By Steve Jackson
Daily Sports Writer
EAST LANSING This was supposed to be the best chance in years for the Wolverines to conquer their archrivals.
But this loss in East Lansing, just like all the others of late, was far from close. Michigan State led for the final 34 minutes, cruising to a 71-44 victory.
“It didn”t seem like a game that we should have won by 27 points,” Michigan State coach Tom Izzo said. “Neither team played very well or very poorly. We just grinded it out, scored a couple extra points, made a couple putbacks and they just missed some shots.”
The Wolverines missed plenty. Michigan shot less than 30 percent from the field for the game.
“You can look at a lot of things in a game like this,” Michigan coach Tommy Amaker said. “But if you shot a percentage like that you”re not going to beat anyone.”
After scoring just 47 points against Ohio State, Amaker called it “the worst performance of the year.” But last night he sang a different tune.
“I thought it was a competitive game,” Amaker said. “That”s just my opinion but I thought the guys gave us a lot of effort tonight.”
In the first half, the Spartans nearly doubled up Michigan after guard Marcus Taylor hit a buzzer-beating 3-pointer to make the score 31-19 heading into intermission.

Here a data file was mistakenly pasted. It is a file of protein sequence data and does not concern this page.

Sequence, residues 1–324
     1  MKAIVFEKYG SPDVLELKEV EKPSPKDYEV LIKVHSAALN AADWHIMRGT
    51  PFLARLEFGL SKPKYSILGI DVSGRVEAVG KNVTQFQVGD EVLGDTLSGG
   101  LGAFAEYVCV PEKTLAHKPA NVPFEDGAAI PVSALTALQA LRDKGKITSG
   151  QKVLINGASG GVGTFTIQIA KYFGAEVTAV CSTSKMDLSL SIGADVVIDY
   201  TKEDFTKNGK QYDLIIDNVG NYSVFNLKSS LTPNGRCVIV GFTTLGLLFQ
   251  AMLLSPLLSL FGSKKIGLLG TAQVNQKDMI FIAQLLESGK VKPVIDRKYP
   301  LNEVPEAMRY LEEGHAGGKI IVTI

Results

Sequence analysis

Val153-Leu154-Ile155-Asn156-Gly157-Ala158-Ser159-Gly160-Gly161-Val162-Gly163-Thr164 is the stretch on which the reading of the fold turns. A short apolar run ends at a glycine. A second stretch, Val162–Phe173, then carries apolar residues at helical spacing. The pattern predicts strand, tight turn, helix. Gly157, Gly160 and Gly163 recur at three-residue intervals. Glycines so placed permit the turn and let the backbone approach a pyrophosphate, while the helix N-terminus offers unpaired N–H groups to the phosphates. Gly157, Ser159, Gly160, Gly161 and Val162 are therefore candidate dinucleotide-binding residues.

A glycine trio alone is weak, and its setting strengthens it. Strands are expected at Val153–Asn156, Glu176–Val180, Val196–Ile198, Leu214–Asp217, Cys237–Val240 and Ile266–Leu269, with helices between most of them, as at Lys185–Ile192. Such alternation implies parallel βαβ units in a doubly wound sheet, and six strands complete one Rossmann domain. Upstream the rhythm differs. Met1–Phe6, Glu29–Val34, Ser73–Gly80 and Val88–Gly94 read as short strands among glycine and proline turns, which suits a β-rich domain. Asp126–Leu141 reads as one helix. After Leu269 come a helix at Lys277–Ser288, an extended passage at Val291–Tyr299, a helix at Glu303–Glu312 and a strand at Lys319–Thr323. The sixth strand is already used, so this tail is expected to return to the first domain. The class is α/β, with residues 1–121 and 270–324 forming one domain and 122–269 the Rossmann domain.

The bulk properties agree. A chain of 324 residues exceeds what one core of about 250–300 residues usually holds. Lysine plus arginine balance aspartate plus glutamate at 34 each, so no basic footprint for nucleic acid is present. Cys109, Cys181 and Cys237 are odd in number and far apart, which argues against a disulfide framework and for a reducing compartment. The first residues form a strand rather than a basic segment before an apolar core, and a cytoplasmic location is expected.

The East Lansing native drilled it right in the face of Michigan”s hometown boy LaVell Blanchard.
“That was a huge shot,” guard Avery Queen said. “That really gave them a lot of momentum for the rest of the game.”
The Wolverines started out strong, scoring the game”s first five points, but shortly thereafter their offense went into hibernation. Shot clock violations and airballs showcased the team”s inconsistent offensive execution.
“We weren”t moving,” Queen said. “Everybody was just standing around the perimeter playing dead everybody.”
At one point Michigan had four trips down the court without a shot so much as hitting the rim. The Spartans took advantage using an 11-0 run to put the game away early.
Adam Ballinger”s 14 points led a balanced attack for Michigan State, which had four players in double figures. Chris Young was strong inside for the Wolverines, scoring 13 points despite getting into early foul trouble.
“We really need Chris to keep our offense going,” Gavin Groninger said. “We need to be able to get the ball inside. Keeping him out of foul trouble is going to be a key for us all year.”
After scoring just two points on 1-of-5 shooting in the first 20 minutes, Blanchard stepped up his play in the second half to finish with a game-high 16 points, but it was in vain. Michigan State”s early charge was just too much to handle.
“We knew that we needed to come out with a run right away,” Blanchard said. “We just never got much of a run going.”
The rest of the Wolverines struggled too much offensively, as only Blanchard and Young were able to post more than five points. Adding insult on top of insult, Michigan State football player Aaron Alexander and crowd favorite Matt Ishbia scored the game”s final five points.
Michigan never got closer than 14 points in the second half, hardly closing the gap on this recently one-sided rivalry.
“You watched all those games,” said a frustrated Blanchard. “Did you see any improvement?”